Whether you’re an expert DIY-er, or just want something different to do for your next girls night, look no further than Gild Collective.
As CEO Jessie Deye explains: Think of it as a more creative jewelry party. You pick the project, place and friends. They provide all the supplies and instruction you need. “Instead of buying a new necklace [or home decor item], you follow step-by-step instructions to create an awesome DIY project,” she explains.
In addition to creating a one-of-a-kind piece of jewelry, women can support and encourage one another while building confidence of their own in a new creative skill. According to Deye, that support and encouragement is key to Gild Collective parties, and it’s also what inspired the business concept.
Three friends — Deye, Rachel Bauer McCreary and Kelsey Pytlik — teamed up to bring their passion for fostering creativity, confidence and community in women to fruition. Deye says the business was “an idea on a napkin” in May of this year, and it came from wanting to change up the girls night routine and bar scene to give women a new reason to get together and build each other up. In addition to solving the problem of the girls night routine, they also wanted to help those of us who have many Pinterest boards of craft projects that we’ll never actually do.
“We’re solving both of those problems with Gild Collective,” says Deye. “A fun reason to get together with your girlfriends, and an easy way to complete an awesome DIY project. It’s like the wine and paint concept, only with Gild, you’re creating an on-trend project that you’ll proudly wear or display. Oh, and we’ll come to your home, so you don’t even have to change out of your PJs.”
After they were selected to join this summer’s cohort of companies at the Brandery (as the first-ever all-female founding team!), they started moving at a quick pace and officially launched in mid-June.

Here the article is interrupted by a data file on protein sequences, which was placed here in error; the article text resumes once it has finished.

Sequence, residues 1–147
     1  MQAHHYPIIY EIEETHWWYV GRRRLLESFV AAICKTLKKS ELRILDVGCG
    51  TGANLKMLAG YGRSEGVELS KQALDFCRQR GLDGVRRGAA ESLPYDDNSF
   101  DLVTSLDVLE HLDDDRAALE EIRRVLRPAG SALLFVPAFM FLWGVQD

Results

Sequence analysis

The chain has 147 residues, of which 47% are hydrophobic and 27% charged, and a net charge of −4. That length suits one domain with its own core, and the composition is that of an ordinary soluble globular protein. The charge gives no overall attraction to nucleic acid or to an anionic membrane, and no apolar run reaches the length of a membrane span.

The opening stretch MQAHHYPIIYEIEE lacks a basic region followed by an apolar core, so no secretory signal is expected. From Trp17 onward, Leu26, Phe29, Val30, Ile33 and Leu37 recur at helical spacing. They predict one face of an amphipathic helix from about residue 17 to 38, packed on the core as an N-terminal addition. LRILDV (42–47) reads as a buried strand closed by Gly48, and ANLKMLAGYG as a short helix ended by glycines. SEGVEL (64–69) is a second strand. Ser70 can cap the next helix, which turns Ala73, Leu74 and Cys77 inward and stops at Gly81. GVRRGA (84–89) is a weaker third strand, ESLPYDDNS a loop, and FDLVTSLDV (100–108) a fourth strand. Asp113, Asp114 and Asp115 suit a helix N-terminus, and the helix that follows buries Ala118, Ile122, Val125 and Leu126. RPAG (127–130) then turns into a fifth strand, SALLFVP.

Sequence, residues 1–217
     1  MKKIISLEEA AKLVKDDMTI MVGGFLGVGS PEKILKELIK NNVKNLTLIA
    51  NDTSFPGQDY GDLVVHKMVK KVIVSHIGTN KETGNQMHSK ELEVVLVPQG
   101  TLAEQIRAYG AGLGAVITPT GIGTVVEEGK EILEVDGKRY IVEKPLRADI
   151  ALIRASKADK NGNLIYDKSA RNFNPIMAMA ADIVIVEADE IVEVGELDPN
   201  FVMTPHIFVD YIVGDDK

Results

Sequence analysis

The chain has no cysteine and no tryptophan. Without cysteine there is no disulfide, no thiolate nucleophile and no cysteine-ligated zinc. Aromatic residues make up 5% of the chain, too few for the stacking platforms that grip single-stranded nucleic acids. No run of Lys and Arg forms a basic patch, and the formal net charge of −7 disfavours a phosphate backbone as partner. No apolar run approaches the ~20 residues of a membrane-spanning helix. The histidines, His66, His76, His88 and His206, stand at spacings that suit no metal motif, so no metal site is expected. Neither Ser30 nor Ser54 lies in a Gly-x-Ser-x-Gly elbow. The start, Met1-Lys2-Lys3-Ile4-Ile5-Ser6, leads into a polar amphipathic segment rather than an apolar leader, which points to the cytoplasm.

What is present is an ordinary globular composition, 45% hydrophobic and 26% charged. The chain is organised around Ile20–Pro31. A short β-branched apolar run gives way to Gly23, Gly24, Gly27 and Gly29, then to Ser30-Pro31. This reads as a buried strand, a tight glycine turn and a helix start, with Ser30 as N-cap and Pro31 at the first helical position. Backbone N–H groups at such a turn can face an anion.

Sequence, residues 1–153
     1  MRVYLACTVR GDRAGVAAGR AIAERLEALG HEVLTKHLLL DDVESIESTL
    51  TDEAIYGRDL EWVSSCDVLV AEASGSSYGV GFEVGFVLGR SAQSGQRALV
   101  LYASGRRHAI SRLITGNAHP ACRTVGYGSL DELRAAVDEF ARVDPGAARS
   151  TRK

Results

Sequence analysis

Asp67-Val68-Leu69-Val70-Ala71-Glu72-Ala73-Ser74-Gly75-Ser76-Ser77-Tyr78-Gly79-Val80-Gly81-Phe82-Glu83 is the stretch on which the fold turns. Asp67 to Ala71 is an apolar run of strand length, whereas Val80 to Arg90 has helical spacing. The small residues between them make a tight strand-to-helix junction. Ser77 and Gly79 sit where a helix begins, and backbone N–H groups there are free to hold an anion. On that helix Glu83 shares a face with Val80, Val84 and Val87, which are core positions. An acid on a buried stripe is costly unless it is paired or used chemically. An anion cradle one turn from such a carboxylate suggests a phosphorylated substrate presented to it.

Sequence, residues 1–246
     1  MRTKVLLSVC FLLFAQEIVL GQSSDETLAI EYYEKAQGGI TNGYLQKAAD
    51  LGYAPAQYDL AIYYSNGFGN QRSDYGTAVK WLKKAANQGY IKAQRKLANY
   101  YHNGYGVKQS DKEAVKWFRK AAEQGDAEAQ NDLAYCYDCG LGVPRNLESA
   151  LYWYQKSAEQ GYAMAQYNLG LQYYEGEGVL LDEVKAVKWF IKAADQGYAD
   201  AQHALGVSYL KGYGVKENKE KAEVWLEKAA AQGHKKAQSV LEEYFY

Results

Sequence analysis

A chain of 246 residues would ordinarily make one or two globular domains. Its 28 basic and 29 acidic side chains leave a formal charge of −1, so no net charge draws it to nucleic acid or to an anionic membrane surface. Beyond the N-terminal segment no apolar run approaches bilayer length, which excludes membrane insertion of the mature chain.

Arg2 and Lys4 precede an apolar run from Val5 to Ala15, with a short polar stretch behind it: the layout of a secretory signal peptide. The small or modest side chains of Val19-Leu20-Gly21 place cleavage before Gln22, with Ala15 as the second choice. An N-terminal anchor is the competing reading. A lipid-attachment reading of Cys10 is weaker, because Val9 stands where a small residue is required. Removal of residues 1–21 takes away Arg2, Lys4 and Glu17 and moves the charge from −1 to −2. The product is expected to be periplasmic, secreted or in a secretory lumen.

The main offering from Gild Collective is parties, where party-goers design awesome craft projects from the curated project kits. One of the benefits of being a host is that your project kit is free. You also don’t have to worry about collecting any money at the party as fees are handled directly through Gild Collective’s site.
Before your party, all the project kits are delivered directly to you, and you have the option of either an in-person instructor or following along with a detailed step-by-step video and photos. In addition, Deye says, every project kit that’s available for a party can be purchased individually for you to do on your own if you’d rather tackle it alone.
When asked what it is that she enjoys most about running Gild Collective, Deye says she loves that the concept is completely their own, which helps them be 110 percent passionate about the project. “We decide how to best fulfill our mission and goals, and we are able to affect every step of our process,” she adds. “Each of us is able to work in an area we care deeply about and we’re able to celebrate each others’ strengths every day. There is nothing better than being able to love what you do.”
Deye says that Gild Collective will be releasing a new project collection this summer that they’re all three very excited about. They’re also adding more jewelry and home decor pieces.
As for the long term, they have several huge ideas that they’ll chase down eventually, but for right now, they plan to focus on the customer and perfecting user experience. “We want to nail that, and then start putting those big dreams into action,” Deye says. “Baby steps.”
To learn more about Gild Collective, visit gildcollective.com. There, you can find information on all of the projects and learn how to sign up to host a party. Deye says that for a limited time party hosts not only get their kit for free but they get Gild Credits to use toward purchasing additional project kits.
Deye and her team are also documenting their journey up on their blog where they talk about both the craft/DIY side of what they do as well as the ups and downs of being a startup. “We love our blog because it’s where we really show our individual personalities and passions,” says Deye.